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United States Court of Appeals,Ninth Circuit.

UNITED STATES of America, Plaintiff-Appellee, v. Jeffrey Brian ZIEGLER, Defendant-Appellant.

No. 05-30177.

Decided: August 08, 2006

Before: O'SCANNLAIN, SILVERMAN, and GOULD, Circuit Judges. David F. Ness, Assistant Federal Defender, Great Falls, MT, argued the cause for the defendant-appellant.  Anthony R. Gallagher, Federal Defender, District of Montana, was on the briefs. Marcia Hurd, Assistant United States Attorney, Billings, MT, argued the cause for the plaintiff-appellee.  William W. Mercer, United States Attorney, District of Montana, was on the brief.

We must determine whether an employee has an expectation of privacy in his workplace computer sufficient to suppress images of child pornography sought to be admitted into evidence in a criminal prosecution.



Frontline Processing (“Frontline”), a company that services Internet merchants by processing on-line electronic payments, is located in Bozeman, Montana.1  On January 30, 2001, Anthony Cochenour, the owner of Frontline's Internet-service provider and the fiancé of a Frontline employee, contacted Special Agent James A. Kennedy, Jr. of the FBI with a tip that a Frontline employee had accessed child-pornographic websites from a workplace computer.

Agent Kennedy pursued the report that day, first contacting Frontline's Internet Technology (“IT”) Administrator, John Softich. One of Softich's duties at Frontline was to monitor employee use of the workplace computers including their Internet access.   He informed Kennedy that the company had in place a firewall, which permitted constant monitoring of the employees' Internet activities.2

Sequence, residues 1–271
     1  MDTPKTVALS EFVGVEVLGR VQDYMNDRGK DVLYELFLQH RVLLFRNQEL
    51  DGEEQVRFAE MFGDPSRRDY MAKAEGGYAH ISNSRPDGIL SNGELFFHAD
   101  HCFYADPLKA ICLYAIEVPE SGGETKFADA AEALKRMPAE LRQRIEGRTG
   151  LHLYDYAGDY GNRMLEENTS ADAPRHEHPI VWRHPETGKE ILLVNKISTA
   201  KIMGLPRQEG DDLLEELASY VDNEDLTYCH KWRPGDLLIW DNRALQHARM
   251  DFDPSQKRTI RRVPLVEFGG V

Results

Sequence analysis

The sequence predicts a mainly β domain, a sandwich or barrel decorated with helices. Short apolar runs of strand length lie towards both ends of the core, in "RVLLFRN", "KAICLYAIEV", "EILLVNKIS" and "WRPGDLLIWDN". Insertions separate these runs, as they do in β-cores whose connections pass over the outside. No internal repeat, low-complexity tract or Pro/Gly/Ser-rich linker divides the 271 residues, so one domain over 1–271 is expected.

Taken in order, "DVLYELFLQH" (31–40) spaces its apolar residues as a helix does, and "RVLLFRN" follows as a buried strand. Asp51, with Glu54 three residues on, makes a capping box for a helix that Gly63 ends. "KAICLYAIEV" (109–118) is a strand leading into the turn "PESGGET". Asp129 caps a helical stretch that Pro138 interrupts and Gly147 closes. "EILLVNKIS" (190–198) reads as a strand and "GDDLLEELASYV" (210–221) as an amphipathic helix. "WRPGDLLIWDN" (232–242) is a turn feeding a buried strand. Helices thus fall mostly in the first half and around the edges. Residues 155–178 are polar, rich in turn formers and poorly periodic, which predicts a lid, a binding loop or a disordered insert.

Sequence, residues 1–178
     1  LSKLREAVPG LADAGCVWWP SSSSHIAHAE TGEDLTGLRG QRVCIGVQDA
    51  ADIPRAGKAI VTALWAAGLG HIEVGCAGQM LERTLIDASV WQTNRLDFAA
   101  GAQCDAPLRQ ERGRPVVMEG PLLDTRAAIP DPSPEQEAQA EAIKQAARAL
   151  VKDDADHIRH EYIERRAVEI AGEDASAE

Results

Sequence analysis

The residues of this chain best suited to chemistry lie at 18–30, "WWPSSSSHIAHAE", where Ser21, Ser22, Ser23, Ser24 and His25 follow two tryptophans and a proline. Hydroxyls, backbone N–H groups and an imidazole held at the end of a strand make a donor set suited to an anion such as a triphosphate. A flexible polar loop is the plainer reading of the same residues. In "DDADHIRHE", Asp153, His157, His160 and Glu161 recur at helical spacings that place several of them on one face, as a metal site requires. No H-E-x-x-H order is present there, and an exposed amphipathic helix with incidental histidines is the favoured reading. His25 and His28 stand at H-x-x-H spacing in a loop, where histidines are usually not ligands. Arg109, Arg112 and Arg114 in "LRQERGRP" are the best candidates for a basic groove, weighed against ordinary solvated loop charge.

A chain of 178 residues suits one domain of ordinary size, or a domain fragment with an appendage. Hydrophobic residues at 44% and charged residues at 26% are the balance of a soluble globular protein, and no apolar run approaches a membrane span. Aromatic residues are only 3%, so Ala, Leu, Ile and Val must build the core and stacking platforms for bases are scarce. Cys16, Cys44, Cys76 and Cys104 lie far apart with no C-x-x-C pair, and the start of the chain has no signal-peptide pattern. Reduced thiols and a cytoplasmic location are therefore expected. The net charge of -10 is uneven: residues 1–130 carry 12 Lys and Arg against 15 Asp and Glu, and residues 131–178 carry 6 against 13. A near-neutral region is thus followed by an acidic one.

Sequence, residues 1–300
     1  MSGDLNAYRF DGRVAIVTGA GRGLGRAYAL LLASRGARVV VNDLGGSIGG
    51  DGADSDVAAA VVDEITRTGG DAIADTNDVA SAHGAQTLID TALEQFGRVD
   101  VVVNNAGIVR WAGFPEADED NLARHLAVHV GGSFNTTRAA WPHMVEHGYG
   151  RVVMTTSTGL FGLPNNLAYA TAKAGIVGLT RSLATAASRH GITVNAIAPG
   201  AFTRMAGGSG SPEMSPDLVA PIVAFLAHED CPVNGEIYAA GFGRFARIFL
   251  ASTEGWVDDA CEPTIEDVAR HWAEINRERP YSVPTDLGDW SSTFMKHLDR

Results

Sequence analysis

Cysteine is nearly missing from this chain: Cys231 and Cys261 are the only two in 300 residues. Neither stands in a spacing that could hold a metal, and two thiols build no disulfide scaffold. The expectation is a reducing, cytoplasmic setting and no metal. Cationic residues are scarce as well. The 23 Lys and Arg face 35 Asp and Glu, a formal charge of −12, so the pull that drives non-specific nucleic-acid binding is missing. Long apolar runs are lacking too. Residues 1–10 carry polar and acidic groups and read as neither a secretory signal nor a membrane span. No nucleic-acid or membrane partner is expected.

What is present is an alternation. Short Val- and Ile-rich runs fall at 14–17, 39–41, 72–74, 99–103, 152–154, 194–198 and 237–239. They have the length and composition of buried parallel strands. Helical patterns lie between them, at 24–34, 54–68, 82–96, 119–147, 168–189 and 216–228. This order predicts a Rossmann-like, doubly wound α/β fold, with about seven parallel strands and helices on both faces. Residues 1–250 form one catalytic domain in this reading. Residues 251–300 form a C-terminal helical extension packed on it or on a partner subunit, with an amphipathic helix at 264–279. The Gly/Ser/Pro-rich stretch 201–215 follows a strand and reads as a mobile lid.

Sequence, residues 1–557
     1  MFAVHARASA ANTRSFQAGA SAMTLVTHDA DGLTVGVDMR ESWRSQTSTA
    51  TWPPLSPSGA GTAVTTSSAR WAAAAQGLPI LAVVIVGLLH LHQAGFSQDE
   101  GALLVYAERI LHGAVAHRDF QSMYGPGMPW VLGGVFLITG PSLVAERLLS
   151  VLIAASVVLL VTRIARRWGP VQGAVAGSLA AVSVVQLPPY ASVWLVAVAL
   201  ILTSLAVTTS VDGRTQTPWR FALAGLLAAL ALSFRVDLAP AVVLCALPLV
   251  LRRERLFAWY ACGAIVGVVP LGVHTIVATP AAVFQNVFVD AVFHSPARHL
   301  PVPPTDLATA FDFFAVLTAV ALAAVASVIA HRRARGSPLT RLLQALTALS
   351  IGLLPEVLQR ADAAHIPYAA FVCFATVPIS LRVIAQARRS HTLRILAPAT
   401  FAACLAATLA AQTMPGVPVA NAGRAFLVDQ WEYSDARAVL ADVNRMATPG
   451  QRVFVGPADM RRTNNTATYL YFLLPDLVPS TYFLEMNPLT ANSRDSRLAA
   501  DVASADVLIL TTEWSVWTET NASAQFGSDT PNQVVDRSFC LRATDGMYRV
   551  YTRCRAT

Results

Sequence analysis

During the interview, Softich confirmed Cochenour's report that a Frontline employee had accessed child pornography via the Internet.   Softich also reported that he had personally viewed the sites and confirmed that they depicted “very, very young girls in various states of undress.”   Softich further informed Kennedy that, according to the Internet Protocol address and log-in information, the offending sites were accessed from a computer in the office of Appellant Jeffrey Brian Ziegler, who had been employed by Frontline as director of operations since August 2000.   Softich also informed Kennedy that the IT department had already placed a monitor on Ziegler's computer to record its Internet traffic by copying its cache files.3

Agent Kennedy next interviewed William Schneider, Softich's subordinate in Frontline's IT department.   Schneider confirmed that the IT department had placed a device in Ziegler's computer that would record his Internet activity.   He reported that he had “spot checked” Ziegler's cache files and uncovered several images of child pornography.   A review of Ziegler's “search engine cache information” also disclosed that he had searched for “things like ‘preteen girls' and ‘underage girls.’  ” Furthermore, according to Schneider, Frontline owned and routinely monitored all workplace computers.   The employees were aware of the IT department's monitoring capabilities.


The parties dispute what happened next.   According to testimony that Softich and Schneider provided to a federal grand jury, Agent Kennedy instructed them to make a copy of Ziegler's hard drive because he feared it might be tampered with before the FBI could make an arrest.   Agent Kennedy, however, denied that he directed the Frontline employees to do anything.   According to his testimony, his understanding was that the IT department had already made a backup copy of Ziegler's hard drive.   As the government points out, his notes from the Softich interview say, “IT Dept has backed up JZ's hard drive to protect info.”   Thinking that the copy had already been made, Kennedy testified that he instructed Softich only to ensure that no one could tamper with the backup copy.

Whatever Agent Kennedy's actual instructions, the Frontline IT employees' subjective understanding of that conversation seems evident from their actions during the late evening of January 30, 2001.   Around 10:00 p.m., Softich and Schneider obtained a key to Ziegler's private office from Ronald Reavis, the chief financial officer of Frontline, entered Ziegler's office, opened his computer's outer casing, and made two copies of the hard drive.